They may evoke sweetly analog book stores and reading rooms, but in a kitchen, library ladders “are 98% charm, 2% utility,” said Peacock.

Colleen Silverthorn had designer Meredith Heron install a single ladder that hooks onto rails in the kitchen, laundry and family room in her Regina, Saskatchewan, home. “You need two hands to bring down anything, but you have to hang on while you’re up there, so you only have one,” she admits. “It’s absolutely beautiful [but] doesn’t work at all in the kitchen.” In the other rooms she uses it to retrieve wrapping paper or books, “anything you can toss down onto the floor.”

Sophie Donelson is the author of “Uncommon Kitchens: A Revolutionary Approach to the Most Popular Room in the House” (Abrams).



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11 ACRES ROAD, KELLYVILLE, NSW

This stylish family home combines a classic palette and finishes with a flexible floorplan

35 North Street Windsor

Just 55 minutes from Sydney, make this your creative getaway located in the majestic Hawkesbury region.

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A 600-Year-Old Medieval Villa Overlooking Florence Lists for €12 Million

The four-storey, lemon-hued villa boasts more than 16,000 square feet of living space and historic character and charm by the bucket load

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Wed, May 29, 2024 2 min

A 14th-century villa in the hills overlooking Florence, Italy, has hit the market for €12 million (US$13 million).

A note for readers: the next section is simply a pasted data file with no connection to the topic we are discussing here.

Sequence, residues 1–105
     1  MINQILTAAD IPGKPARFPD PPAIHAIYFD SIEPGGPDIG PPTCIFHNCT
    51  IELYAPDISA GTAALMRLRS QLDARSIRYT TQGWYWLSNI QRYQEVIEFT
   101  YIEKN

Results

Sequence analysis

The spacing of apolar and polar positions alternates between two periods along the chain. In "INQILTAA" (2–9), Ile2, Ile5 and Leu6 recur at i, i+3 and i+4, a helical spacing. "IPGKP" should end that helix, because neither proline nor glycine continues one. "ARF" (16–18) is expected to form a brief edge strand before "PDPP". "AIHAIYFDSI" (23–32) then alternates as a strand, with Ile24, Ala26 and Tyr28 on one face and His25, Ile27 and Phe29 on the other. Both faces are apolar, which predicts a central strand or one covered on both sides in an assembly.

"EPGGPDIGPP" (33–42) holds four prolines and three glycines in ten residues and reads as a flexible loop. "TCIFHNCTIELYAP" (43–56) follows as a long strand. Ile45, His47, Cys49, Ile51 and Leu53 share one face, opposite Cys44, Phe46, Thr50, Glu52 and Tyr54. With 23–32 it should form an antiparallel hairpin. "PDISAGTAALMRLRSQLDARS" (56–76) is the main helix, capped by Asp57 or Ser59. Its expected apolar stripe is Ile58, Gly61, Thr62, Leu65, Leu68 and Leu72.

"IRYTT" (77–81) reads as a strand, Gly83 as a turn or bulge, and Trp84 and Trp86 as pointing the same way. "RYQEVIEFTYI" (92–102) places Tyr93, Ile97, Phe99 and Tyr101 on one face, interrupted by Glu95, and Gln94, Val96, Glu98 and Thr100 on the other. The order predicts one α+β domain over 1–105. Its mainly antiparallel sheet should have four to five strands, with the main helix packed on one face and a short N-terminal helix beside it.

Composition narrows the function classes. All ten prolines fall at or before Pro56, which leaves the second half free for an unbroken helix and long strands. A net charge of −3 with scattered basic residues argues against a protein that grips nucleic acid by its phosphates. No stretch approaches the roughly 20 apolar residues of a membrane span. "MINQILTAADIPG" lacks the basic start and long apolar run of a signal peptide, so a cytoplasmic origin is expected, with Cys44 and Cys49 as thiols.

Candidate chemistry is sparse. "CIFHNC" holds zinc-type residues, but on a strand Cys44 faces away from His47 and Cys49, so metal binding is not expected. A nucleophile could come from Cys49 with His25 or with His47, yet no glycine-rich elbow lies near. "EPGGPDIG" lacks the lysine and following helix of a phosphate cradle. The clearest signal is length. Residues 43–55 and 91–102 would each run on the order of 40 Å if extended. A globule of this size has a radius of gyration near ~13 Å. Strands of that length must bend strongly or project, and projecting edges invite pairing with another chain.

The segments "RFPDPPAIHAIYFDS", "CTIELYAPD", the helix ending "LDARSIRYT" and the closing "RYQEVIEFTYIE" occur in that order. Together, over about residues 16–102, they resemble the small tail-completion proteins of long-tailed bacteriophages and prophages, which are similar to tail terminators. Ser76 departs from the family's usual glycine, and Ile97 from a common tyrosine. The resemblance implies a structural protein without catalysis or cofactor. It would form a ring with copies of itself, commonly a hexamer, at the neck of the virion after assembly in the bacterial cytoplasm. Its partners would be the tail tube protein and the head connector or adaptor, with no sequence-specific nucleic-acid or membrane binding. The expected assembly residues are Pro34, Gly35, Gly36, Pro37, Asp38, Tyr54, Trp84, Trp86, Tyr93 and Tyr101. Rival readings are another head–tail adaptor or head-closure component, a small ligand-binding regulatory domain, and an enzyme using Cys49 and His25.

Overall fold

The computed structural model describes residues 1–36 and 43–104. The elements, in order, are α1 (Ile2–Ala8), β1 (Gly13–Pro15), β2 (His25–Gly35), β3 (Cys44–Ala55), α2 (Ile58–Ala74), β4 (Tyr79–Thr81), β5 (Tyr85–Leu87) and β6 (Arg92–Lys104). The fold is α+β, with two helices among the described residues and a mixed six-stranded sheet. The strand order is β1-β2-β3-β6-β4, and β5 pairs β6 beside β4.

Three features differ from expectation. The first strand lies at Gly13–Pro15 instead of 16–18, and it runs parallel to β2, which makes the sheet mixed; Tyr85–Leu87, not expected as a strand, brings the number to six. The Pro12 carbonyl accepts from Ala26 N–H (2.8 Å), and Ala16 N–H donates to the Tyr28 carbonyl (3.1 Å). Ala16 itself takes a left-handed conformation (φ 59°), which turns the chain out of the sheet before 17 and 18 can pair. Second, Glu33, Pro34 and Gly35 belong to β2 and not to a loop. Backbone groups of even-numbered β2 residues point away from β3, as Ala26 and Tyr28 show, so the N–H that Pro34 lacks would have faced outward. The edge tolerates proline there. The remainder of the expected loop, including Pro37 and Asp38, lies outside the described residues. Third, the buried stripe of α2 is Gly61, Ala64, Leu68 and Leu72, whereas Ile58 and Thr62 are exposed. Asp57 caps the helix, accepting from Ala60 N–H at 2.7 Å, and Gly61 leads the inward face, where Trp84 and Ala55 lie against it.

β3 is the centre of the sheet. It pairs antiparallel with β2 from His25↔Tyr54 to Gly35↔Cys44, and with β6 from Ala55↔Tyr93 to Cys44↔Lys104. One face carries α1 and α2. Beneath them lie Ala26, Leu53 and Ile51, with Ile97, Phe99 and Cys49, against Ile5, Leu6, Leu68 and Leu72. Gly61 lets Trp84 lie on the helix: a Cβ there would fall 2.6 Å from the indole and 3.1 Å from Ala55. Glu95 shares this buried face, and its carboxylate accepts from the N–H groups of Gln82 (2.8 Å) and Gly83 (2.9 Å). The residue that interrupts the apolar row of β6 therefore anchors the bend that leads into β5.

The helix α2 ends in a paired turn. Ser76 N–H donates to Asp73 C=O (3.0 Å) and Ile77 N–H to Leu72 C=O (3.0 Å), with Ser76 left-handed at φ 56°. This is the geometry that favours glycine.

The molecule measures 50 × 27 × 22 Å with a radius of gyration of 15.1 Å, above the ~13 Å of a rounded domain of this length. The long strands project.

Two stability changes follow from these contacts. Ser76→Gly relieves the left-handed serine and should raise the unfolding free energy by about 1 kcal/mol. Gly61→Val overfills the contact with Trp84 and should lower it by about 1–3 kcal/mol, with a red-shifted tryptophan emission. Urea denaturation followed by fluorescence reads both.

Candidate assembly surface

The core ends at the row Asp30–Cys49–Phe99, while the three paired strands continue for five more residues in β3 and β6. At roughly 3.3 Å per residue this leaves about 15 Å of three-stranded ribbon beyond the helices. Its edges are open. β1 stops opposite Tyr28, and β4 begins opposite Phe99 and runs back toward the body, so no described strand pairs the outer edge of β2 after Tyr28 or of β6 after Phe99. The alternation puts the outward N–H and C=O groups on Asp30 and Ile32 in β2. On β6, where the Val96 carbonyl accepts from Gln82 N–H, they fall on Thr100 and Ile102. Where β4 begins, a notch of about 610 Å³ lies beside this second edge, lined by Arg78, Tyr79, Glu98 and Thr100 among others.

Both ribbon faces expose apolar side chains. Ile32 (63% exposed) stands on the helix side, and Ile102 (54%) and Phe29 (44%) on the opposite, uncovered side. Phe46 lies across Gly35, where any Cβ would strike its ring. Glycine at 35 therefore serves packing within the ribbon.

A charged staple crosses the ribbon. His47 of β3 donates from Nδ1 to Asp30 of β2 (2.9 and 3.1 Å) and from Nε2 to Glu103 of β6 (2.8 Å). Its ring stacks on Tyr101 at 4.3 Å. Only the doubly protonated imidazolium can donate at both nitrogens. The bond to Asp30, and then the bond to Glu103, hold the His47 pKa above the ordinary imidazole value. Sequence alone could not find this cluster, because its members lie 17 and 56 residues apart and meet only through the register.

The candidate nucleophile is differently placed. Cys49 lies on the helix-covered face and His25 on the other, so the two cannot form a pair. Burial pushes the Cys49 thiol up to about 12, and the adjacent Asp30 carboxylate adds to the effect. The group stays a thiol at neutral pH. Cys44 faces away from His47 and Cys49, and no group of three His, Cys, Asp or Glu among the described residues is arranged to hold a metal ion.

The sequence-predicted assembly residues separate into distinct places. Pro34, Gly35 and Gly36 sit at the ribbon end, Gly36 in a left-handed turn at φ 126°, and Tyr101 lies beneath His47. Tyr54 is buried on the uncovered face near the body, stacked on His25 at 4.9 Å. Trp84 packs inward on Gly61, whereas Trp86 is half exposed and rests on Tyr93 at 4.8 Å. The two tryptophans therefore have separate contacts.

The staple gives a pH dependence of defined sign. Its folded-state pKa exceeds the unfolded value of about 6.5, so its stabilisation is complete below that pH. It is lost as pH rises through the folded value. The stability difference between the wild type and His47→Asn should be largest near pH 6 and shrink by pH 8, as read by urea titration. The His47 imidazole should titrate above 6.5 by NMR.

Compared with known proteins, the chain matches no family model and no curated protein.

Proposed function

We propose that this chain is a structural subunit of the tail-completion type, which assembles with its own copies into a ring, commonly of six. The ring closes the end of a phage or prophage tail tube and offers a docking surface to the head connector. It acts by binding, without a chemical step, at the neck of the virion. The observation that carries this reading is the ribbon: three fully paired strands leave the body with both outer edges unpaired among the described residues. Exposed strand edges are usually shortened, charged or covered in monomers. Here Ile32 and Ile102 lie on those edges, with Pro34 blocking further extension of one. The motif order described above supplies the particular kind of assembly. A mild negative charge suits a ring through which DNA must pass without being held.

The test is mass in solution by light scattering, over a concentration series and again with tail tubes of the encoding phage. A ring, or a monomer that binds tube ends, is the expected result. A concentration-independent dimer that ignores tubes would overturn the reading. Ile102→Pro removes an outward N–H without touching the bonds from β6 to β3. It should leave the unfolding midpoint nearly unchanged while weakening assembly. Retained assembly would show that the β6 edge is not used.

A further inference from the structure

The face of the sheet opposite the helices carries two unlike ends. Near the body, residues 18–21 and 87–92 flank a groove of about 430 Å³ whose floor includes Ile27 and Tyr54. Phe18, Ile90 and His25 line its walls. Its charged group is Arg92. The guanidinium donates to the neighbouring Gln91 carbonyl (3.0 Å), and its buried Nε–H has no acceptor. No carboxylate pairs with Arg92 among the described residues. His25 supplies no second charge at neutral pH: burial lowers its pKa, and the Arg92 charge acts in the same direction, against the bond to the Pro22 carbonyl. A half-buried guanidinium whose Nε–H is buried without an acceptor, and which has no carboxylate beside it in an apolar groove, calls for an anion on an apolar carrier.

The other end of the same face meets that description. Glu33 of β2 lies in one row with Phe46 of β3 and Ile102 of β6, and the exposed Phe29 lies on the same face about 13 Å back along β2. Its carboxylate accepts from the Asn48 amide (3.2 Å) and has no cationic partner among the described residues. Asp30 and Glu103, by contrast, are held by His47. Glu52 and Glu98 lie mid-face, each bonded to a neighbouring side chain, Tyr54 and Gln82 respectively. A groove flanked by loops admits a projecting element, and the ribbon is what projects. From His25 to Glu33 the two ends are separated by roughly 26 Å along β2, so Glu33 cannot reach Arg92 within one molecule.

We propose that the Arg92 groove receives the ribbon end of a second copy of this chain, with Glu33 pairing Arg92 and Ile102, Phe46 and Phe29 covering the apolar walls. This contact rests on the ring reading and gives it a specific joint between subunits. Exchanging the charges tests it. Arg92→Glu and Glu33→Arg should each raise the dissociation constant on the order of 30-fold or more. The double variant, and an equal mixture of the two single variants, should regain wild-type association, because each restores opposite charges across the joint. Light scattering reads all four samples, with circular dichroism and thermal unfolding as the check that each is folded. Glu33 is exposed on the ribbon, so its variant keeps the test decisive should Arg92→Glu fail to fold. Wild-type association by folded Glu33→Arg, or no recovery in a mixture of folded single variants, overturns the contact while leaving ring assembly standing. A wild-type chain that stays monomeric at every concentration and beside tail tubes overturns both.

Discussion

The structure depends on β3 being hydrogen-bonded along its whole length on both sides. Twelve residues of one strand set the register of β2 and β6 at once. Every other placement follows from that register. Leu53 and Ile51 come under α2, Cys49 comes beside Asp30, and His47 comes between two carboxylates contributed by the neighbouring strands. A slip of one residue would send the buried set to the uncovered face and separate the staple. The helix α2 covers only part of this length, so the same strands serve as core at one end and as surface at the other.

Surrounded by cypress trees, vineyards and olive groves, the quintessential Tuscan home was built for the Davanzati family—who were powerful bankers, merchants and patrons during the Italian Renaissance who have a museum named after them in the heart of the city. The villa was one of the family’s multiple country retreats, according to Lionard Luxury Real Estate, which brought the home to the market earlier this month.

Courtesy of Lionard

The four-storey, lemon-hued villa boasts more than 16,000 square feet of living space and historic character and charm by the bucket load.

The ballroom has a giant skylight.
Courtesy of Lionard

On the ground floor there are ​​a number of reception rooms and open-air living areas, with many of them boasting antique paintings, tapestries and stately fireplaces made of marble or carved stone.

The most “magnificent” room, according to Lionard, is the winter garden hall, a ballroom with stuccos, loggias and towering vaulted ceilings, illuminated by an Art Nouveau skylight.

Courtesy of Lionard

On the first floor are multiple double bedrooms and an antique library, and the second floor, while in need of renovation, offers the possibility of creating up to 12 en-suite bedrooms. The villa’s tower has a “delightful sitting room and a rooftop terrace offering a breathtaking view of the city of Florence,” the listing said.

The villa has ivy-covered loggias.
Courtesy of Lionard

The basement, meanwhile, has a cellar with brick vaults that are perfect for wine lovers. An elevator runs between the levels.

Outside, the grounds have well-kept gardens, rolling lawns, a fountain, ancient wells and ivy-covered loggias.

Mansion Global couldn’t determine who is selling the villa, or when they acquired it.

The property is “an oasis of peace,” the listing said, and “one of the most exclusive historical estates on the hills that surround the city of Florence.”

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11 ACRES ROAD, KELLYVILLE, NSW

This stylish family home combines a classic palette and finishes with a flexible floorplan

35 North Street Windsor

Just 55 minutes from Sydney, make this your creative getaway located in the majestic Hawkesbury region.